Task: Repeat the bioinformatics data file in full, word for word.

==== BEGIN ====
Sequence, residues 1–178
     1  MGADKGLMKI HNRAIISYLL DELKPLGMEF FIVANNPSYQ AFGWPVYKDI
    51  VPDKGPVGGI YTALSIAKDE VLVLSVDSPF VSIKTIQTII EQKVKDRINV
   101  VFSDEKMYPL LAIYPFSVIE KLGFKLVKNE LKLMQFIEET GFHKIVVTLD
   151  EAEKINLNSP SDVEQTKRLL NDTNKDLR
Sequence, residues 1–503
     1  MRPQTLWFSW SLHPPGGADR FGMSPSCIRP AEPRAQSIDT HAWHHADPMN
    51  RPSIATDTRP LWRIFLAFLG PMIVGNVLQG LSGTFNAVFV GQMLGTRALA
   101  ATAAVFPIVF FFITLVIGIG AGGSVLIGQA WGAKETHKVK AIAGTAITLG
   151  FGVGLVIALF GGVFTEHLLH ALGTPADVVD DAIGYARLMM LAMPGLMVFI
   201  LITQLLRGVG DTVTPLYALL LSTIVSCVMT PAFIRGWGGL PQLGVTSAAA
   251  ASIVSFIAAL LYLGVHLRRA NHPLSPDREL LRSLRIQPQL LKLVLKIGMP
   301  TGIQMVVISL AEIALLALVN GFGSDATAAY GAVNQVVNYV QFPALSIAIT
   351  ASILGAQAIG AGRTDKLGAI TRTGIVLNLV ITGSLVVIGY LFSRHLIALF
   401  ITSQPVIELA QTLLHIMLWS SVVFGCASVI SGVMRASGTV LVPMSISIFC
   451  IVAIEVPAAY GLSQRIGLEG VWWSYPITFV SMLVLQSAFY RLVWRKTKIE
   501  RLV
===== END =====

Sequence, residues 1–178
     1  MGADKGLMKI HNRAIISYLL DELKPLGMEF FIVANNPSYQ AFGWPVYKDI
    51  VPDKGPVGGI YTALSIAKDE VLVLSVDSPF VSIKTIQTII EQKVKDRINV
   101  VFSDEKMYPL LAIYPFSVIE KLGFKLVKNE LKLMQFIEET GFHKIVVTLD
   151  EAEKINLNSP SDVEQTKRLL NDTNKDLR
Sequence, residues 1–503
     1  MRPQTLWFSW SLHPPGGADR FGMSPSCIRP AEPRAQSIDT HAWHHADPMN
    51  RPSIATDTRP LWRIFLAFLG PMIVGNVLQG LSGTFNAVFV GQMLGTRALA
   101  ATAAVFPIVF FFITLVIGIG AGGSVLIGQA WGAKETHKVK AIAGTAITLG
   151  FGVGLVIALF GGVFTEHLLH ALGTPADVVD DAIGYARLMM LAMPGLMVFI
   201  LITQLLRGVG DTVTPLYALL LSTIVSCVMT PAFIRGWGGL PQLGVTSAAA
   251  ASIVSFIAAL LYLGVHLRRA NHPLSPDREL LRSLRIQPQL LKLVLKIGMP
   301  TGIQMVVISL AEIALLALVN GFGSDATAAY GAVNQVVNYV QFPALSIAIT
   351  ASILGAQAIG AGRTDKLGAI TRTGIVLNLV ITGSLVVIGY LFSRHLIALF
   401  ITSQPVIELA QTLLHIMLWS SVVFGCASVI SGVMRASGTV LVPMSISIFC
   451  IVAIEVPAAY GLSQRIGLEG VWWSYPITFV SMLVLQSAFY RLVWRKTKIE
   501  RLV